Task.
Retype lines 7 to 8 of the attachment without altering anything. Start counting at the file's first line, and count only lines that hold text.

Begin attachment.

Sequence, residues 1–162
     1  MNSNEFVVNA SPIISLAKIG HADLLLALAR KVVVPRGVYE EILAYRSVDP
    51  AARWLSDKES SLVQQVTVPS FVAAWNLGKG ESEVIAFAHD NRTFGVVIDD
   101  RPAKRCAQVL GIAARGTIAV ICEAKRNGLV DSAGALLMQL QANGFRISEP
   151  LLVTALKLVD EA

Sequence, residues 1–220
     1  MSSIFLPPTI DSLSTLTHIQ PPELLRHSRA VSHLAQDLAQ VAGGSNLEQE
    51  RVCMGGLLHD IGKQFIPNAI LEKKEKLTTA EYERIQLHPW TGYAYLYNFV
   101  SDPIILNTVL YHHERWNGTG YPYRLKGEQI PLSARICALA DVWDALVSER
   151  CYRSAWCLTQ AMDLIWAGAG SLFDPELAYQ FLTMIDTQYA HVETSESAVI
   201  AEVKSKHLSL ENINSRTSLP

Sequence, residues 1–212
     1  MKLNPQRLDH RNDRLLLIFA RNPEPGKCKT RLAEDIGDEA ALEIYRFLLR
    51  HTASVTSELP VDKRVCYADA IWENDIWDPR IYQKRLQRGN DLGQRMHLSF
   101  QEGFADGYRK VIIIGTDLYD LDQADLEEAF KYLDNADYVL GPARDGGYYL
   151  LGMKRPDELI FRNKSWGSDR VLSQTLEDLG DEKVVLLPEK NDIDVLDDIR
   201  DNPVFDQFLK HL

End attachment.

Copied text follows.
     1  MSSIFLPPTI DSLSTLTHIQ PPELLRHSRA VSHLAQDLAQ VAGGSNLEQE
    51  RVCMGGLLHD IGKQFIPNAI LEKKEKLTTA EYERIQLHPW TGYAYLYNFV